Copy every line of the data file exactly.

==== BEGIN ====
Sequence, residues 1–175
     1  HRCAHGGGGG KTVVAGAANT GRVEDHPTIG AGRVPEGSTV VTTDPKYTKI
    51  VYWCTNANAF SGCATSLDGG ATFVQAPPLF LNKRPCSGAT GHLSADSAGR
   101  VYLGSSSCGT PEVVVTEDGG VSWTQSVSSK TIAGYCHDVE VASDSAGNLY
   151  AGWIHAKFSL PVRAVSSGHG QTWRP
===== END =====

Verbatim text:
Sequence, residues 1–175
     1  HRCAHGGGGG KTVVAGAANT GRVEDHPTIG AGRVPEGSTV VTTDPKYTKI
    51  VYWCTNANAF SGCATSLDGG ATFVQAPPLF LNKRPCSGAT GHLSADSAGR
   101  VYLGSSSCGT PEVVVTEDGG VSWTQSVSSK TIAGYCHDVE VASDSAGNLY
   151  AGWIHAKFSL PVRAVSSGHG QTWRP